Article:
Strength Basics

Getting stronger, fitter, and healthier by sticking to the basics. It's not rocket science, it's doing the simple stuff the right way. Strength-Basics updates every Monday, plus extra posts during the week.

Tuesday, June 28, 2011

The Bulgarian Method & You

Thanks to Pete the Fireman for finding this article about the Bulgarian Method of training

Basically, the Bulgarian method is a high-volume, high-frequency training program. You build up to heavy daily lifts, centered on lifts either competed in the Olympics or which build them - generally, in any case.

What a lot of these types of articles fails to consider is that Eastern bloc training methods are more "selection methods" than "training methods." In other words, they are method of training that pares away those unsuited to high-volume exercise and unsuited to maximal development of the Clean and Jerk and Snatch. Compare that with a method that has its goal as taking each individual to their maximum potential. One method is aimed at whittling down a big pool of athletes to those most suited to contending for gold medals - and you have only so many slots on the team. The other approach is to develop those who chose the sport and get them as far as they go. The former is certainly the approach to use if your goal is a gold medal. Compare this in intent if not details and difficulty with SAS, SEAL, or Delta selection courses - they aren't trying to build you up, but weed out those who will quit or break under pressure. Once that selection process is done you train hard but not with the intent of breaking those who can't pass muster.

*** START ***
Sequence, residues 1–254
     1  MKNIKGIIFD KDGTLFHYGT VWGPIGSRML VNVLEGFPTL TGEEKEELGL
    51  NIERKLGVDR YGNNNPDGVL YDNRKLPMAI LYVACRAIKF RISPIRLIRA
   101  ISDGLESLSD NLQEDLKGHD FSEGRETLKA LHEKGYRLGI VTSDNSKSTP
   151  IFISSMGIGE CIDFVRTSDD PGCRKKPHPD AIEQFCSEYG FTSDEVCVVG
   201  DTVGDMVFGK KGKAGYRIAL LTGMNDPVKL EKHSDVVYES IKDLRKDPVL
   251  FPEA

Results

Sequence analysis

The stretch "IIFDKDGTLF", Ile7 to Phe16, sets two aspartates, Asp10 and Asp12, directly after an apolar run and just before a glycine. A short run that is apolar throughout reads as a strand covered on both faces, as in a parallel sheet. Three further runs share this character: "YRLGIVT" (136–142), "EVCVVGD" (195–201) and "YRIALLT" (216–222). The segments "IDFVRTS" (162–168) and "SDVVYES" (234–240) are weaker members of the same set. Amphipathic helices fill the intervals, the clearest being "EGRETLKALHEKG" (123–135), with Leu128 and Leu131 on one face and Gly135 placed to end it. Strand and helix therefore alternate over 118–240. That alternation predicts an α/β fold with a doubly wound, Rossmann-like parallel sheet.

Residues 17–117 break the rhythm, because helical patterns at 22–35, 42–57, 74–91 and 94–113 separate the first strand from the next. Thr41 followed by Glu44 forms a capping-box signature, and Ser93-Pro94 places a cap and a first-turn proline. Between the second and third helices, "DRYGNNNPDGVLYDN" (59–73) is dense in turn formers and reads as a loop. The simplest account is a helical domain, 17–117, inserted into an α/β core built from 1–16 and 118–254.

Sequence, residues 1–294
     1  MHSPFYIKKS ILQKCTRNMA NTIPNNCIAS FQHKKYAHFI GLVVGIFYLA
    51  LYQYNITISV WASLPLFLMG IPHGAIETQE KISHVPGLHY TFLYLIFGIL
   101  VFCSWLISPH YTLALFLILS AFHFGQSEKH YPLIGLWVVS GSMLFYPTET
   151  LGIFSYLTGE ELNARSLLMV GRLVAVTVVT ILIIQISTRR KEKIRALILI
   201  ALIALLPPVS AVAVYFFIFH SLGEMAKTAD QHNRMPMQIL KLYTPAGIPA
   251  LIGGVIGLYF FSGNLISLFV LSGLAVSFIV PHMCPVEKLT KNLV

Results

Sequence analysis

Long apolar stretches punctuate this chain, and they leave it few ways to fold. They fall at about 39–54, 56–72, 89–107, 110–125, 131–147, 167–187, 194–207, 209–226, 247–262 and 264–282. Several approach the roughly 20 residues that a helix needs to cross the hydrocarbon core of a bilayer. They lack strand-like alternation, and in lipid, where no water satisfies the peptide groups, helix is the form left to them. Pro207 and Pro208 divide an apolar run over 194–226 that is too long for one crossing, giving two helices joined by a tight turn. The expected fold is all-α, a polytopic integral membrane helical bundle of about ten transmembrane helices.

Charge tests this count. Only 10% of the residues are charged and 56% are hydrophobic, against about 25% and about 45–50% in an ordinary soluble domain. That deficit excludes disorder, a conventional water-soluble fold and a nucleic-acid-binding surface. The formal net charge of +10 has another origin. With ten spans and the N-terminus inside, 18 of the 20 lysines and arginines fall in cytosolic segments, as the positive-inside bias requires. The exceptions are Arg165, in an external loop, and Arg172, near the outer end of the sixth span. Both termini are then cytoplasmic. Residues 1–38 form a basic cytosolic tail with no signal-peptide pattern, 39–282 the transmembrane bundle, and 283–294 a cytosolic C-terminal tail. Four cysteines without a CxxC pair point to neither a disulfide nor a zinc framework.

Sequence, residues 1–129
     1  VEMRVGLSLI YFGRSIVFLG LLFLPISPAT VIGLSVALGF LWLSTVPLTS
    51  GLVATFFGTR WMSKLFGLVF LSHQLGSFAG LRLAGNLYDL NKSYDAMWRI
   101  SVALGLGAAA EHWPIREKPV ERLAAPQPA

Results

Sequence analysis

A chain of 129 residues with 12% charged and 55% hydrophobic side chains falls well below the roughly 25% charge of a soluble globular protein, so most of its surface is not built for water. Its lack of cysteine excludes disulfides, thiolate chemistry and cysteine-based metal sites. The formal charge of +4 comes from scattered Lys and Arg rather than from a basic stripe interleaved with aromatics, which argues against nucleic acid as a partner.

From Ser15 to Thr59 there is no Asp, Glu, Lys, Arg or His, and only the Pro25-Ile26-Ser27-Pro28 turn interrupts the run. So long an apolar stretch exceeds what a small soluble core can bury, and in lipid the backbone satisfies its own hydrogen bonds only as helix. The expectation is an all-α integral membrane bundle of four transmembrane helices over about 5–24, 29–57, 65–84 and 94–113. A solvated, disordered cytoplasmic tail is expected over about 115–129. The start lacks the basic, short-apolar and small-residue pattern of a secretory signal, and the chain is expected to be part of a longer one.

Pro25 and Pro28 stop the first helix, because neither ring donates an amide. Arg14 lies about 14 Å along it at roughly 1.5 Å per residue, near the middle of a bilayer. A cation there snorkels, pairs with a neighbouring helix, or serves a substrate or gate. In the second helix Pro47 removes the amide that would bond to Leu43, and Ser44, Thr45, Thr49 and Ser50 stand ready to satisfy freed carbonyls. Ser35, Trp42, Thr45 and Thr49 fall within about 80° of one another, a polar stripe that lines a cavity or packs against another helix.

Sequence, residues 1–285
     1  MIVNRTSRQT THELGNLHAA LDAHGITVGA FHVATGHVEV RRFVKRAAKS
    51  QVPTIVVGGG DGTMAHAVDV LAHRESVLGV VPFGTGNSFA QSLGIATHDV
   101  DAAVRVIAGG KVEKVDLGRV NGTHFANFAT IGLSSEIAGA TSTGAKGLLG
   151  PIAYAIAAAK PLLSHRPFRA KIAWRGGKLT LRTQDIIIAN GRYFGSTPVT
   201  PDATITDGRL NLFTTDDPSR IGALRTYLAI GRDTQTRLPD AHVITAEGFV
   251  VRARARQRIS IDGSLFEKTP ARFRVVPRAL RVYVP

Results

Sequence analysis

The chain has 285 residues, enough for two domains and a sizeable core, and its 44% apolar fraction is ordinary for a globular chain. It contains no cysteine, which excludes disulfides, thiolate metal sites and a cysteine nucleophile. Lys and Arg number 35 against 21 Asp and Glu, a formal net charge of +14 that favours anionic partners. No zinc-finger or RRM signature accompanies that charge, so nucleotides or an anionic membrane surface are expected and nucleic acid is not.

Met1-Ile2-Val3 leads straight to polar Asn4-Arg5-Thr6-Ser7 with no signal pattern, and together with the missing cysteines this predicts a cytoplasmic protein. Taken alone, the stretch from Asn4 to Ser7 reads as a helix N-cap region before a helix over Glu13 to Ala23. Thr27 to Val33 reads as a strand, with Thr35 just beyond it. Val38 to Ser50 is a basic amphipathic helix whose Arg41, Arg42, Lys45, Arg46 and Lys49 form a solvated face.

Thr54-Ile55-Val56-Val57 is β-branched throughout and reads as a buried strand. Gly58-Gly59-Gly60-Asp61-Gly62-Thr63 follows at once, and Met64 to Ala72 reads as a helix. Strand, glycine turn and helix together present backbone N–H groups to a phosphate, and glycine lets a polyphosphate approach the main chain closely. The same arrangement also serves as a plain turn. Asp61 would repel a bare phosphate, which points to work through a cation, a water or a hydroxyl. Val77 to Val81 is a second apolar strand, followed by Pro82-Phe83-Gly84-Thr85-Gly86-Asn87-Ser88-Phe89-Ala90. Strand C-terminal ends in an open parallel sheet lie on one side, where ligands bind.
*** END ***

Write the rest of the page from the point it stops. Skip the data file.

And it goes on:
Additionally, lots of these Eastern Bloc methods came out of a state-run system with a very large pool of athletes. The best coaches got the best athletes to work with, and every level (local, provincal/territoral, national) further cut down the numbers and took only the best of that pool. So the methods that worked for them served mostly to identify those who could best stand up to that much continuous pressure.

That said, yes, you can train every day if you vary up the intensity. You don't need to be in and out of the gym in an hour. You do need to practice skill lifts as skills, and work them daily and twice daily if you can do that. The more practice the better, even if the intensity has to ramp up and down in order to avoid grinding you down.

So is this kind of training for you? It's hard to say, because of course you can build up a tolerance to greater and more frequent workloads. But it might not be the optimal way for you to train.

For more on the Bulgarian Method:

Critical Bench Bulgarian Weightlifting

Mel Siff discussing the Bulgarians

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